The field of citizen science is growing with breathtaking speed. Thousands of citizen science projects are now under way around the world, engaging millions of individuals in the process of scientific discovery. In the US, citizen science has been featured at the White House and the federal government has launched a website to showcase federally funded citizen science projects (citizenscience.gov). The largest research and innovation funding program in the European Union, Horizon 2020, is investing heavily in citizen science to tackle societal problems. The Australian government has published a vision for citizen science throughout the country (Pecl et al. 2015). Three professional associations supporting citizen science recently have been launched: The Citizen Science Association (CSA; citizenscience.org), the European Citizen Science Association (ECSA; ecsa.citizen-science.net), and the Australian Citizen Science Association (ACSA; citizenscience.org.au/). Some researchers consider citizen science to have emerged as a distinct field of inquiry (e.g., Jordan et al. 2015). Dozens of articles focused on citizen science are appearing every month, some in prestigious journals such as Science, Nature, and Bioscience, and a number of journals across a huge range of disciplines recently have or soon will publish special issues on citizen science, including Ecology and Society, Journal of Science Communication, Journal of Microbiology and Biology Education, Conservation Biology, and Biological Conservation.
In this exploding citizen science landscape, what is the role of Citizen Science: Theory and Practice (CSTP)?
CSTP is an online, open access, interdisciplinary and international journal sponsored by the CSA in cooperation with ECSA and ACSA. As a global venue for scholarly exchange about citizen science, the journal’s focus is to explore and better understand citizen science in all its facets — for example, lessons from successes and failures in the development and implementation of citizen science tools and projects; techniques for the communication and visualization of project results and measurement of outcomes; and critical examination of the many ways that citizen science can yield a range of scientific, educational, and social outcomes.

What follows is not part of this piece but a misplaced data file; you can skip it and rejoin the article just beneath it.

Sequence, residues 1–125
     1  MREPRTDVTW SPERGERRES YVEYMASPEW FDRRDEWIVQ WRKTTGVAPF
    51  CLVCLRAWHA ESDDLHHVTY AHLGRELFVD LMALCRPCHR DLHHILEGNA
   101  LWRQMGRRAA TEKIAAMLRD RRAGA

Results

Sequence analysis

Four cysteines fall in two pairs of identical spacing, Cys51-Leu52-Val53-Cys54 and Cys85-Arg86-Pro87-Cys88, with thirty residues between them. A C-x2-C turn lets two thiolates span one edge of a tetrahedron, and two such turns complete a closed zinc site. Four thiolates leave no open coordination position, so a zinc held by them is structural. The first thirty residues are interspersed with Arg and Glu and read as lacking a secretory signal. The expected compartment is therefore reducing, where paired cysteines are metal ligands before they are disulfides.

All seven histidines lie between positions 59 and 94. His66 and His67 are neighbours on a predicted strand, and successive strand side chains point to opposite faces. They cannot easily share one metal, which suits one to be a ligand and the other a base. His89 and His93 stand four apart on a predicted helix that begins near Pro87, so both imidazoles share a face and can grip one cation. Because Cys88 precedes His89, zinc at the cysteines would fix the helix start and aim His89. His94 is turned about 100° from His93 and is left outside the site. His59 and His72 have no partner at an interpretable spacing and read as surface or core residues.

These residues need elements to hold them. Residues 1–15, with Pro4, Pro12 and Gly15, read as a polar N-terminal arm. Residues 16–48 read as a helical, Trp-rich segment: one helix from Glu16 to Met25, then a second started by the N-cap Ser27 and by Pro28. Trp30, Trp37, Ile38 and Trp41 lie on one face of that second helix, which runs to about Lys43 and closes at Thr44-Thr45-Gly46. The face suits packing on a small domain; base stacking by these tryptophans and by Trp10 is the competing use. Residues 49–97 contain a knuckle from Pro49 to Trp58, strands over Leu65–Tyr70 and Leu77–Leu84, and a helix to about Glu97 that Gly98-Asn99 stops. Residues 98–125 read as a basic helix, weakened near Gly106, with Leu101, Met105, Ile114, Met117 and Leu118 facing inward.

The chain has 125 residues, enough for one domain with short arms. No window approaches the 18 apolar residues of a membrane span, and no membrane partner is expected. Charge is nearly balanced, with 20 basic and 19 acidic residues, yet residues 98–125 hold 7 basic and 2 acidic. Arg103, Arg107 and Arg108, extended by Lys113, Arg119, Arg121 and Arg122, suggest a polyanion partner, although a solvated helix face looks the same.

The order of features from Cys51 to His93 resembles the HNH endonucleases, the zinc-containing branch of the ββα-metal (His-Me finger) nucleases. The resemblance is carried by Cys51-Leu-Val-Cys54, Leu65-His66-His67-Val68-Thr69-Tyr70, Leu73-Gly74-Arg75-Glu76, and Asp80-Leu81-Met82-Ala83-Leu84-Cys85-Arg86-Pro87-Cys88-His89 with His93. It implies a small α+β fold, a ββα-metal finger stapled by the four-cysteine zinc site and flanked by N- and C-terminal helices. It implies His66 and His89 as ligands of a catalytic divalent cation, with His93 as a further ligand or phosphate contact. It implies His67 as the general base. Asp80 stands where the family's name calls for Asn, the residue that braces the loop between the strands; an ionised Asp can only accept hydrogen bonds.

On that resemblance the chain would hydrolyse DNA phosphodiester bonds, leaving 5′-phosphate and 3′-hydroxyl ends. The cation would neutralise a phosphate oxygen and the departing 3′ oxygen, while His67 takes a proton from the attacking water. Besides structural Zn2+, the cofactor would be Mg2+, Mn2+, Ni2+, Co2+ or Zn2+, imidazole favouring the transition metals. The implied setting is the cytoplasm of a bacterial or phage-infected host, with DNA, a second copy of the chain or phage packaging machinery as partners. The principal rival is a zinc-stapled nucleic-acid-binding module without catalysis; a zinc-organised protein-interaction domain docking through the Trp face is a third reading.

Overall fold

CSTP takes a broad, inclusive, and evolving view of citizen science. The field celebrated a milestone when “citizen science” appeared in the Oxford English Dictionary in 2014 with the following definition: “The collection and analysis of data relating to the natural world by members of the general public, typically as part of a collaborative project with professional scientists.” However, while this definition is a good starting point, it fails to convey the richness, scope, and value of this expanding field. For example, it leaves out the fact that citizen science embraces projects in which volunteers participate in roles beyond data collection and analysis; projects in which individuals work not only in teams but also by themselves, with or without the collaboration of scientists; projects that are human-focused rather than ecologically focused; projects that emphasize issues raised not by scientists but by communities; and certainly more types of participatory science that are yet to be imagined.
The OED definition does describe one important type of citizen science, which allows scientists from a huge variety of disciplines to ask and answer questions they couldn’t address in any other way. This includes an uncountable number of projects in which people make and share observations, often across large geographic areas and over long spans of time (Miller-Rushing et al. 2012). It also allows millions of people working online to help process otherwise unmanageable amounts of data in projects that involve activities such as classifying images, transcribing texts, or tagging pictures (Sauermann and Franzoni 2015).
But citizen science also allows non-professional scientists to ask and answer important scientific questions. Often such questions focus on local or regional issues of environmental justice, public health, or natural resource management, and addressing these issues may include partnerships between community-based organizations and professional scientists who lend technical support (Haklay 2013). Further, some community science efforts that traditionally have been isolated to small-scale tracking of local issues are now becoming networked to tackle widespread issues of social and environmental justice as well as questions about effective conservation practices.
Citizen science also can embrace makers and hackers who are opening new frontiers by designing open hardware and software, sometimes to help communities with environmental monitoring, sometimes to assist researchers with exploration (Wylie et al. 2014).
Online, citizen science participation can go beyond data processing, for example, by producing the world’s most powerful computing systems via distributed computing networks or by tapping the imagination and creativity of people via citizen science games and puzzles which, for example, help scientists study diseases (Curtis 2015). Online crowdsourcing also includes novel advances in machine-and-human learning to increase the speed of discovery (Kamar et al. 2012).
In sum, through its many configurations of science-society partnerships, citizen science holds the potential for developing new ways to collectively solve big problems and to fundamentally change the relationship between science and society.
Citizen Science: Theory and Practice provides the space to enhance the quality and impact of citizen science efforts by deeply exploring the citizen science concept in all its forms and across disciplines. By examining, critiquing, and sharing findings across a variety of citizen science endeavors, we can dig into the underpinnings and assumptions of citizen science and critically analyze its practice and outcomes. Such explorations can examine methods, approaches, benefits, costs, impacts, and challenges of citizen science and will help us better understand the role that citizen science can play in environmental science, public health, physics, biochemistry, community development, social justice, democracy, and beyond.